Microsoft’s Outlook email service hit by outage as millions work from home amid Tube and rail strikes


Microsoft’s Outlook email platform has been hit by service issues, making it inaccessible to some users.

The company has confirmed the problem and said it is working to fix it, with no other services currently appearing to be affected.

According to Microsoft’s own service status website, some Outlook users “may be unable to access their mailboxes via any connection method” and may encounter “delays sending, receiving or accessing email messages”.

In a statement on the site, Microsoft said: “We’re continuing to analyse service monitoring telemetry to identify the next troubleshooting steps to mitigate the impact.”

The company added that the issue is specific to some users in Europe.

We're continuing to monitor the service availability as it improves, while we determine the root cause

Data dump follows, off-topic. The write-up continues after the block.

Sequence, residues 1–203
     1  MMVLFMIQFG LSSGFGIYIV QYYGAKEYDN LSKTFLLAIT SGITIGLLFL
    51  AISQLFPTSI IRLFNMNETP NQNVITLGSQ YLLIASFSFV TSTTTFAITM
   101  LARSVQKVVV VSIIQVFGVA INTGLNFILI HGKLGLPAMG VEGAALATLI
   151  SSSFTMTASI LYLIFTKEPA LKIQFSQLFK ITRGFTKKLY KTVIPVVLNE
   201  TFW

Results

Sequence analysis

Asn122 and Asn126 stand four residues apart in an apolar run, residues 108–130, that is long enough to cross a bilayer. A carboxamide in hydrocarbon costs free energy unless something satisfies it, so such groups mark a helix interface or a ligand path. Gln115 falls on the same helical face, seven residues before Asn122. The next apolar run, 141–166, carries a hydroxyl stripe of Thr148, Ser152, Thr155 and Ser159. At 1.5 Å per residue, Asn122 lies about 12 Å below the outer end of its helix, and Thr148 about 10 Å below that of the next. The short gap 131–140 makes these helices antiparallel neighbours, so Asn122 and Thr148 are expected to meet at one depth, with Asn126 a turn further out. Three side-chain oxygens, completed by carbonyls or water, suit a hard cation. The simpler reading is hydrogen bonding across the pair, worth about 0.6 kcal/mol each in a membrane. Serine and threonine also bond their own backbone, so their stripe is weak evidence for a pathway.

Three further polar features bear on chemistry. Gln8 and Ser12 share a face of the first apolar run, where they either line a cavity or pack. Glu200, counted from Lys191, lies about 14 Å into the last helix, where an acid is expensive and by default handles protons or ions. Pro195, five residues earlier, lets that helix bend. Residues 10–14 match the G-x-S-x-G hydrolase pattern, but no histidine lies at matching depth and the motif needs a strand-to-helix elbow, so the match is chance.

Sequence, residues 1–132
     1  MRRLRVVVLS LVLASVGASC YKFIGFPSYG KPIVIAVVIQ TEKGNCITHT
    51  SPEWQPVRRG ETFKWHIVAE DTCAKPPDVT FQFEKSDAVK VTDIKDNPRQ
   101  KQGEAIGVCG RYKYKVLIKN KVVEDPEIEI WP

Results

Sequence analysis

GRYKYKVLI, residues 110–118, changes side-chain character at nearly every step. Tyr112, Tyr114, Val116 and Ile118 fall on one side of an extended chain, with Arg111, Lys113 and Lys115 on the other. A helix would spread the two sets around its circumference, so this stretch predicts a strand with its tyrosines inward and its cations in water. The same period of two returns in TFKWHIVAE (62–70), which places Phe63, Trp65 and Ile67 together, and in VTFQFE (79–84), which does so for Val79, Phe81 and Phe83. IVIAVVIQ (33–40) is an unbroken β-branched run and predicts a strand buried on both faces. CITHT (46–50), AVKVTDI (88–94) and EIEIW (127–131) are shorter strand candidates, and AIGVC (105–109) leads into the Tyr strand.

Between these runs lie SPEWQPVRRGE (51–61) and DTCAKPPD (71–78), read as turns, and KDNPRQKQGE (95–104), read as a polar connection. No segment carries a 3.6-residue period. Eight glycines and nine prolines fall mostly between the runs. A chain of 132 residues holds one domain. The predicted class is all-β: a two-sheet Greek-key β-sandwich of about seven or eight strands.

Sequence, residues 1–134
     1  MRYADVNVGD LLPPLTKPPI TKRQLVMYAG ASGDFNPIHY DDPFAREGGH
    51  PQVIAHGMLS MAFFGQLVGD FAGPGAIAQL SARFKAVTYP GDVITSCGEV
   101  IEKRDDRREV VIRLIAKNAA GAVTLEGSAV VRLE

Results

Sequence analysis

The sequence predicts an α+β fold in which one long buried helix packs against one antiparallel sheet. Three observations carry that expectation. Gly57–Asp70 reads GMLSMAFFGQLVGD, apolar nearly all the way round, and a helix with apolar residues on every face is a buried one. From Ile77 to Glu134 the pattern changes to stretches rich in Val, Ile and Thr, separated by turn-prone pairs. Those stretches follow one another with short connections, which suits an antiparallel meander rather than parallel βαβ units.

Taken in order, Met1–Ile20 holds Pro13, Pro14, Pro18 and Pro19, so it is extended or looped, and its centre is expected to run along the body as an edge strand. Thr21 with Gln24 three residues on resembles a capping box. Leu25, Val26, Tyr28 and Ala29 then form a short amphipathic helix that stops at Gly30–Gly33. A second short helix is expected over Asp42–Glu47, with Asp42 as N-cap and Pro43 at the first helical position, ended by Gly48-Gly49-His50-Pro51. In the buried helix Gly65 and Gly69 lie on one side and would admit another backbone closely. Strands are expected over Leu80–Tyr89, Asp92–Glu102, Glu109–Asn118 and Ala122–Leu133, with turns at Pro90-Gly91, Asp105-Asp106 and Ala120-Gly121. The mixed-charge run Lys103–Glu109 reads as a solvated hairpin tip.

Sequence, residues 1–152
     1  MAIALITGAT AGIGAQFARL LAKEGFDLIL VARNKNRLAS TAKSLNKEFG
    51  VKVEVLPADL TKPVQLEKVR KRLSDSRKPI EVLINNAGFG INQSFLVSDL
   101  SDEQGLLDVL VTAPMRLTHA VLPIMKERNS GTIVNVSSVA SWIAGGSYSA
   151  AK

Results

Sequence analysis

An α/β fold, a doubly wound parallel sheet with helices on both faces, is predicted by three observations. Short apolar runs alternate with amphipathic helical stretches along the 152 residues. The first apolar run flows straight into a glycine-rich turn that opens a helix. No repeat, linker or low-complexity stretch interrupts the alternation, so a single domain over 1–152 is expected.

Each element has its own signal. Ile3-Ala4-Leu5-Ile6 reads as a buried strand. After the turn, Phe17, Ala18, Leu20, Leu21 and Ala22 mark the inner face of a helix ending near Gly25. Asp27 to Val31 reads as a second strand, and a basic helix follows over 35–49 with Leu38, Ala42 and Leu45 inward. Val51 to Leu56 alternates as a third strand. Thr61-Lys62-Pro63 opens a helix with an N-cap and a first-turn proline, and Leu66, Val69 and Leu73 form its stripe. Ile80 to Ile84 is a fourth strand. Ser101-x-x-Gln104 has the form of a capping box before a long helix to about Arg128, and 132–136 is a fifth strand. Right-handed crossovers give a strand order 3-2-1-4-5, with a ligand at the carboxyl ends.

In an update, Microsoft said: “We’ve identified that our traffic management infrastructure is not working as expected.

“We’ve successfully routed traffic to an alternate traffic management method, and we’re seeing an improvement in service availability since this process completed.

“We’re continuing to monitor the service availability as it improves, while we determine the root cause.”

According to the website monitoring service Down Detector, affected users are seeing messages telling them they have been unable to connect to a server, and are struggling to connect to the service from a range of devices.

The monitoring service showed it began receiving reports of problems at around 9am on Tuesday.

However, the outage appears to be unrelated to an issue at web infrastructure firm Cloudflare which took a large number of popular websites offline earlier on Tuesday morning.

Cloudflare said the problem has now been resolved.

The disruption comes as millions of people in London and the UK are forced to work from home due to Tube and national rail strikes.

Thousands of members of the Rail, Maritime and Transport union at Network Rail and 13 train operators have walked out in the biggest outbreak of industrial action on the railways for a generation.

Around one in five trains are running, primarily on main lines and only for around 11 hours. It coincides with the fourth network-wide strike this year on the London Underground.